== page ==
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Takeaway: The President's budget blueprint calls from shifting from "pay & chase" to pre-claim review where data are king

We rarely comment on the annual White House Budget. It is largely a political document and subject to much Congressional meddling. Its value is in expressing the priorities of the president and not much more.

This week, the White House released a Budget Blueprint to “make America great again” rather than the full White House budget normally released this time of year. The slimmed down approach is not unprecedented, especially for a newly sworn-in president. A full White House budget will be released in April.

The headline for health care spending was a reduction of $5.8 billion for NIH. This proposed spending cut represents an 18 percent reduction from approved 2017 levels. It also represents a radical departure from Congressional priorities which have increased NIH funding for the last several years as part of “new medicine” initiatives like 21st Century Cures and the cancer “moonshot.” In other words, good luck with that Mr. President.

More interesting to us is the second bullet of the budget blueprint which establishes fighting, fraud waste and abuse as a priority. Fighting fraud, waste and abuse is a long standing bipartisan goal. What is interesting about the president’s budget blueprint is the emphasis it places on shifting away from “pay and chase” programs to identifying and preventing fraudulent and improper payments before they are made. The budget blueprint calls for a $70 million increase in the Health Care Fraud and Abuse Control Program.

The vast majority of Medicare and Medicaid fraud and improper payment prevention efforts are “pay and chase.” The high profile Recovery Audit Program uses that model to identify improper payments and claw them back to the U.S. Treasury. HHS also relies on a variety of programs to identify fraudulent behavior, prosecute violators and assess fines and other penalties.

The efforts to prevent fraudulent and improper payments have been smaller and more targeted than the RAC program. The somewhat disastrous pre-claim review for home health is limited to a few fraud-prone states. Medicare Administrative Contractors have conducted pre-claim reviews for medical necessity on select claims types. The Health Care Fraud and Abuse Control Program that is the beneficiary of the budget boost has some predictive analytical capacity to anticipate bad actors and fraudulent activity.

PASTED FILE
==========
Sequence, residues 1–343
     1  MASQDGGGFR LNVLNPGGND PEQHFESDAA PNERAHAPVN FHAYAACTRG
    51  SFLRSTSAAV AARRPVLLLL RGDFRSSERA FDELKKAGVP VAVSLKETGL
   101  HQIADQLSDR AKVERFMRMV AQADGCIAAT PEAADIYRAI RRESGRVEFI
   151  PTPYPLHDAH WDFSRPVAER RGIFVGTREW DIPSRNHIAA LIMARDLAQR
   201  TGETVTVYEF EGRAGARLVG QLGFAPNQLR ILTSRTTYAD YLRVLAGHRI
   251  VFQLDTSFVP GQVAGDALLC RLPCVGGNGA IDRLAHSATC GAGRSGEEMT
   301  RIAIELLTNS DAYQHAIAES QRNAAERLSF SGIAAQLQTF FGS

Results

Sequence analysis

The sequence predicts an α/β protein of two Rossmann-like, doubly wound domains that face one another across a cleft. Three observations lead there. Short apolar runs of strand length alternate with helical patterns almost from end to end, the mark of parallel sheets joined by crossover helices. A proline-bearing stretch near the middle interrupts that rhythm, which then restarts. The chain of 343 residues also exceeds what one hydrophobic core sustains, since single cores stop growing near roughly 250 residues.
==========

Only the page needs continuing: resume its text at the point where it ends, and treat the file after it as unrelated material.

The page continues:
So, it would appear that the administration would like to bring Medicare and Medicaid up to the standard of commercial payers who abandoned “pay and chase” years ago.

So, what does it mean?

  • This particular budget priority can be largely accomplished without the benefit of Congressional action.
  • The RAC program is required by law and probably won’t go anywhere anytime soon. HMSY, COTV and PFMT have signed contracts and are proceeding with rollout to providers.
  • The RAC RFP anticipated use of pre-claim reviews so we would expect a shift in that direction under the new contracts.
  • In pre-claim reviews, data are king. Auditors, whether they are MACs or RACs have to have strong data capabilities in order to accurately select claims for pre-claim review. The RACs have been accumulating that data for years and are probably in a better position to make the switch away from pay and chase.
  • The new HHS Secretary has, in the past, been critical of the RACs meddling in medical decisions so don’t look for the new RAC auditors to run as wide-open as they did in 2013 when they recouped $3.6 billion from health care providers, especially inpatient hospitals.
  • The MACs remain a big problem. The experience of the Illinois home health pre-claim review suggests that at least some of the MACs do not have the staff, the expertise or the data analytical capabilities to accomplish pre-claim review tasks. We may be surprised but if the administration decides to lean heavily on MACs to shift to a pre-claim audit model, the implications for providers are significant in terms of inappropriately denied claims and slow approval processes.
  • Finally, we expect that part of any shift away from “pay and chase” will mean tougher standards for granting Medicare and Medicaid billing numbers. The OIG and the GAO have repeatedly pointed out the lax standards of oversight when granting billing privileges especially to home health and DMEPOS providers in Florida, Illinois and Texas.

Call with questions. We would be thrilled at the opportunity to talk about something other than ACA repeal and replace.

Emily Evans

Managing Director

Health Policy